HomeGroupsTalkZeitgeist
Hide this

Results from Google Books

Click on a thumbnail to go to Google Books.

Northanger Abbey (Barnes & Noble Classics)…
Loading...

Northanger Abbey (Barnes & Noble Classics) (original 1818; edition 2005)

by Jane Austen, Alfred Mac Adam (Introduction)

MembersReviewsPopularityAverage ratingConversations / Mentions
14,946311131 (3.82)2 / 1112
Member:hemlokgang
Title:Northanger Abbey (Barnes & Noble Classics)
Authors:Jane Austen
Other authors:Alfred Mac Adam (Introduction)
Info:Barnes & Noble Classics (2005), Paperback, 288 pages
Collections:Your library
Rating:
Tags:1001 TBR, Film, England

Work details

Northanger Abbey by Jane Austen (1818)

  1. 234
    The Mysteries of Udolpho by Ann Radcliffe (upstairsgirl, HollyMS)
    upstairsgirl: This is the book that Austen's heroine is reading (and which Austen is wryly mocking) in Northanger Abbey. Fun to read with each other; Udolpho is possibly less fun on its own.
  2. 123
    Cold Comfort Farm by Stella Gibbons (ncgraham)
    ncgraham: Another brilliant parody.
  3. 30
    Wuthering Heights by Emily Brontë (kara.shamy)
  4. 41
    Evelina by Frances Burney (flissp)
  5. 20
    The Abbot's Ghost, or Maurice Treherne's Temptation: A Christmas Story by Louisa May Alcott (aulsmith)
  6. 42
    Nightmare Abbey & Crotchet Castle by Thomas Love Peacock (SomeGuyInVirginia)
    SomeGuyInVirginia: Both satirize gothic gaspers.
  7. 43
    Cousin Kate by Georgette Heyer (inge87)
  8. 10
    The Italian by Ann Radcliffe (kara.shamy)
Satire (12)
1810s (7)
Loading...

Sign up for LibraryThing to find out whether you'll like this book.

English (290)  Spanish (6)  Italian (4)  German (4)  French (2)  Swedish (2)  Lithuanian (1)  Dutch (1)  Norwegian (1)  All (311)
Showing 1-5 of 290 (next | show all)
A brief biography of the heroine Catherine, whose naivete and good will bring about all sorts of mild adventures. Classic romance of Austen's. ( )
  J9Plourde | Jun 13, 2017 |
Austen’s earliest written yet last published of her most famous novels is, arguably, her most satirical work and an absolute gem. An undeniably feisty narration, easily envisioned as the impervious Jane with its invaluable commentary on novel reading and writing of the era, follows the heroine Catherine Morland as she blunders adorably through society and her misconceptions about life and romance. Endearing in her innocence and preoccupation with projecting the plots of melodramatic gothic novels onto her everyday experiences, it is impossible to not sympathize with and encourage the young heroine simultaneously as she struggles to right herself. In spite of its subtle flaws, or perhaps because of them, Northanger Abbey serves as a unique juxtaposition to Austen’s later writing style and subject matter; a quietly comic literary achievement. ( )
1 vote GennaC | May 9, 2017 |
This is the third book I've read by Jane Austen. I loved it.

Catherine is so innocent and bright eyed. She's a bit sheltered but that's her charm. More people should be like her I think. I am absolutely in love with Henry and Eleanor. What wonderful friends to have, albeit their father is an arse.

The great thing about this book is the license that Ms. Austen took writing it. I like how it seems that she herself is telling me this story about a friend she knows. Very campfire story-esque.

It's also very neat how I picked up the language so quickly. It got easier to read as I kept going, like Pride and Prejudice, and now I find myself at a loss as to what to read next. The last few books I've read have been absolutely fantastic, with thick stories, well thought out characters, that I'm just unsure of where to go. One cannot read Stephen King after reading such a classic. The language, the words, the phrases, that's what I want - more of that. ( )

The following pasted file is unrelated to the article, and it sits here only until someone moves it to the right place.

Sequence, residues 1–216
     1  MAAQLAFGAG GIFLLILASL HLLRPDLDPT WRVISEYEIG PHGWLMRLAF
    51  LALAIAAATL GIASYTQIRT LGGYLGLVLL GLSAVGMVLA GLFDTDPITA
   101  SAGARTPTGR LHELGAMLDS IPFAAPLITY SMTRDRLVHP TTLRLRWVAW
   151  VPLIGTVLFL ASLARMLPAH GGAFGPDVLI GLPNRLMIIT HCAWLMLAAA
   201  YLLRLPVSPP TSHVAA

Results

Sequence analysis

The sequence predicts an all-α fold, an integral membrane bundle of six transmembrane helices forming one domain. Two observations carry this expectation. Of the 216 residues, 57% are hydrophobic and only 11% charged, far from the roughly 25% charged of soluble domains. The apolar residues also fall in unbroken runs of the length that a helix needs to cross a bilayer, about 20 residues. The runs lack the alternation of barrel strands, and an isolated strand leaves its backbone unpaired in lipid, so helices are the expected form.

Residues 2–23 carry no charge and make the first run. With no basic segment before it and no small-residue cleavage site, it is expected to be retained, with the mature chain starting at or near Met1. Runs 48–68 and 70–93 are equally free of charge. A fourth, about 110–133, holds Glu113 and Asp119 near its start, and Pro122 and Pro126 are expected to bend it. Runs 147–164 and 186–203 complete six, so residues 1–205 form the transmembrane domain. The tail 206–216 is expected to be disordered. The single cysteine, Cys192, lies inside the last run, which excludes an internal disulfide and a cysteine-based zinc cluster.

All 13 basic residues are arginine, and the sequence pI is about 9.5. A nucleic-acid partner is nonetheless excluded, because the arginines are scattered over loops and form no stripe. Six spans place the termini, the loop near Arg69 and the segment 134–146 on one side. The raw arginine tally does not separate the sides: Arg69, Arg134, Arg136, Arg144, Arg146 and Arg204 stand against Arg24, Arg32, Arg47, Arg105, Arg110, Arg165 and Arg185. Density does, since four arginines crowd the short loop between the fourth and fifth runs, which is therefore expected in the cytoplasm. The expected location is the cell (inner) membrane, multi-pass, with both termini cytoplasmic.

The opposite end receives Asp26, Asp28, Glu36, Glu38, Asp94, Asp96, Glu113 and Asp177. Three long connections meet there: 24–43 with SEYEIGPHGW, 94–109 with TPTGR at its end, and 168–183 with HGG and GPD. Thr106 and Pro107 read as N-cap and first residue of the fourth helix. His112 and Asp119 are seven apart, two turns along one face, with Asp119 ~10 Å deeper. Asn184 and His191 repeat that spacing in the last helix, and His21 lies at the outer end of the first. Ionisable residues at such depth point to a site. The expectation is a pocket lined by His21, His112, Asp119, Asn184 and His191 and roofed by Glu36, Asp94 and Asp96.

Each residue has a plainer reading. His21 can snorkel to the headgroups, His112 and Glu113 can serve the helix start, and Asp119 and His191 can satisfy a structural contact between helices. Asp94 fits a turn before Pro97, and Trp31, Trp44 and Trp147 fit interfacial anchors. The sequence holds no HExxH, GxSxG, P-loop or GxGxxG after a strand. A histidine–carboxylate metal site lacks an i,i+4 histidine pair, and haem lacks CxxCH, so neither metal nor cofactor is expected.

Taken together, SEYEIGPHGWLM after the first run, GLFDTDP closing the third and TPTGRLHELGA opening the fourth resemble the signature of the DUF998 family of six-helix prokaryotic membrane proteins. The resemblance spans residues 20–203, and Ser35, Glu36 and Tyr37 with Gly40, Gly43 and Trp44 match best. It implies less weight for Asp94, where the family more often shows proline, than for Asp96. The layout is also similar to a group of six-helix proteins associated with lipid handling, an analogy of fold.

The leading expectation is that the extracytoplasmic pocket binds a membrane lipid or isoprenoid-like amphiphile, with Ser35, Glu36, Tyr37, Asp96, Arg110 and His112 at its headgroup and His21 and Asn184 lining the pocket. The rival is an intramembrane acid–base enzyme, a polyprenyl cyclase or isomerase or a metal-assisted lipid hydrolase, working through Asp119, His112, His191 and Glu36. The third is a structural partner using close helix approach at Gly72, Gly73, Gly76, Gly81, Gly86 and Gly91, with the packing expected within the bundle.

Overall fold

1 vote wendithegray | May 1, 2017 |
I figured I had to read something of Austen's, so I'd be able to say I've read Austen. I found it very... Austen-ish. What a surprise. ( )
  likecymbeline | Apr 1, 2017 |
A classic, light-hearted tale of a young woman who has trouble distinguishing between fact and the fantastical tales of ‘horror’ and mystery she reads. A great satire told in humorous style.
  mcmlsbookbutler | Mar 2, 2017 |
Showing 1-5 of 290 (next | show all)

» Add other authors (107 possible)

Author nameRoleType of authorWork?Status
Austen, Janeprimary authorall editionsconfirmed
Bickford-Smith, CoralieCover artistsecondary authorsome editionsconfirmed
Facetti, GermanoCover designersecondary authorsome editionsconfirmed
Grillo, ElenaTranslatorsecondary authorsome editionsconfirmed
Johnson, Claudia L.Introductionsecondary authorsome editionsconfirmed
Lane, MaggiePrefacesecondary authorsome editionsconfirmed
Pinching, DavidAfterwordsecondary authorsome editionsconfirmed
Reim, RiccardoIntroductionsecondary authorsome editionsconfirmed
Ross, JosephinePrefacesecondary authorsome editionsconfirmed
Sanderson, CarolinePrefacesecondary authorsome editionsconfirmed
Stevenson, JulietNarratorsecondary authorsome editionsconfirmed
Thomson, HughIllustratorsecondary authorsome editionsconfirmed
Wiltshire, JohnPrefacesecondary authorsome editionsconfirmed

Is contained in

Northanger Abbey / Persuasion by Jane Austen

Northanger Abbey / Lady Susan / Sanditon / The Watsons by Jane Austen

Collected Works {undistinguished} by Jane Austen

Northanger Abbey/Pride and Prejudice/Sense and Sensibility by Jane Austen

Northanger Abbey/Castle of Otranto/Mysteries of Udolpho by Andrew Wright

The Complete Novels (including Lady Susan) by Jane Austen

Is retold in

Has the (non-series) sequel

Has the adaptation

Is a parody of

Is parodied in

Is replied to in

Was inspired by

Inspired

Has as a commentary on the text

Has as a student's study guide

You must log in to edit Common Knowledge data.
For more help see the Common Knowledge help page.
Series (with order)
Canonical title
Original title